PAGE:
By Alia Wilson
Networking possibilities on the Internet have opened students up to unimaginable feats in communication. Students are able to share information about their day-to-day endeavors on a global basis. The riveting topics include classes they are crashing, people they are dating, and what they are drinking-legally or otherwise.
Social networks such as The Facebook, created by then-Harvard sophomore Mark Zuckerberg in February 2004, do not penalize students if they post incriminating material, such as images most commonly depicting underage drinking and pot smoking. However, student athletes have been the ones to take the heat for posting photos that, when discovered, can cause them to face serious consequences.
UC Santa Cruz swim coach Kim Musch says some universities hire people full-time to monitor photographs of their athletes posted on social networking sites. In extreme cases, large portions of athletic teams can be disqualified because of the photographs posted online.
Ever since the creation of Facebook, Musch has instructed his athletes not to post anything questionable on the website.
"Don’t put anything on Facebook that you wouldn’t want your grandmother to see," Musch said. "If you are putting it on Facebook, you are putting it out for the world to see."
Musch has not experienced any serious problems with his athletes but continues to be cautious. His caution is shared with coaches at other universities across the country who worry about the welfare of their teams.
Ashley Armstrong, Life Skills and Championships Coordinator of UCLA, said that students and student athletes are told about the potential dangers of online networking as soon as they enter the university.
"We give all student athletes social networking guidelines that are discussed with the coaches," Armstrong said. "Information about what they need to be conscious of can be found in our handbook that we include in orientation."
However, as Facebook has introduced new privacy settings, users may feel immune to such scrutiny.
Carolyn Abram, a Facebook spokesperson, assures that the users of the website have complete control over privacy settings and can change them to block any problems that arise as the website continues to expand.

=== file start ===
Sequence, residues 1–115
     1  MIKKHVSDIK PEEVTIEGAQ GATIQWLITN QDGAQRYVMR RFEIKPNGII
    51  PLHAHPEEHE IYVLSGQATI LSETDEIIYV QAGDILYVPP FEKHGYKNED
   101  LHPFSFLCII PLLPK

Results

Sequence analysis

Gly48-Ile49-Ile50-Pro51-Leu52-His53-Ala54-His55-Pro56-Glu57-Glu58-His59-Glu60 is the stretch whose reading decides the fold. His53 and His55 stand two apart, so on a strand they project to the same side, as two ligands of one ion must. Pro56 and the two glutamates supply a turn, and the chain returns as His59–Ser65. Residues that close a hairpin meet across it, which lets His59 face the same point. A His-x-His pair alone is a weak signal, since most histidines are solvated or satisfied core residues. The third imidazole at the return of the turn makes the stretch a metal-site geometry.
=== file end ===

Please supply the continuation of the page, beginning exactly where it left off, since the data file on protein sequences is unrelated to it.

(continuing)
"There are also specific search privacy settings, many of which we added recently with our expansion," Abram told City on a Hill Press (CHP) via email. "You can choose what types of network affiliations are permitted to search for your name."
But even with such privacy settings, there is always the possibility of someone searching the system to find scandalous information. Badjocks.com is a website designed specifically to hunt for misbehaving student athletes, claiming to be "Cops meets Sportscenter." The site’s homepage warns, "Badjock behavior destroys careers, ruins reputations, and ends lives."
Exposure on sites like Badjocks.com has led David Ortega, the compliance director at UC Berkeley, to take extra care in protecting his athletes.
"We have people within our offices looking to make sure we know what’s going on," Ortega said. "When [Facebook] first came out we started taking a look at it, and the kids asked us to be on there. If we saw any problems we asked [student athletes] if that’s how they want to be represented and they’d take it down."
But even at UCSC, some students get caught through Facebook. One UCSC athlete felt that her own coach invaded her privacy by allegedly looking at photos of a raucous spring break.
"We basically got drunk every night and had pictures of it on Facebook, but it wasn’t during the season," the student athlete said.After vacation some women on the team had to compete, but when they did poorly the coach got on their cases.
"He must have looked on Facebook at those pictures because there is no other way he could have known about our trip," she said.Melissa Stevens, a third-year history major, says that students’ constant use of websites like Facebook results in occasional slip-ups where they publicize illegal exploits.
"We cannot go a day without checking our messages, our wall, our friend’s status updates or seeing if anyone has posted new photos," Stevens said.
Even though student athletes risk getting in trouble by posting incriminating photos, many have not stopped using the site, but have become more sensitive to what they post.
Others choose not to use Facebook for a variety of reasons, including that it is too addictive, too invasive, or that it is just too trendy.
"The only reason Facebook and MySpace exist is to create drama among your friends and letting the entire world watch," said Thom Gerdes, a fourth-year computer engineering major. "That and stalking people you don’t know."
Gerdes suggests Flickr.com or Deviantart.com as alternatives for websites where people can post pictures. In sites like this, users can post photographic art in a community that requires little identification of its users.
However, the issue of student athletes posting inappropriate photographs remains.
Ashely Armstrong of UCLA’s Athletic Department, says that it is up to students to control their privacy. She urges that student athletes and students to take general caution when joining online social networks especially as they continue to grow, as they can have negative impacts if abused.
"It’s unfortunate that younger folks don’t understand that what they post could impact not only their teams but their families," Armstrong said. "All it takes is one picture that includes a red cup."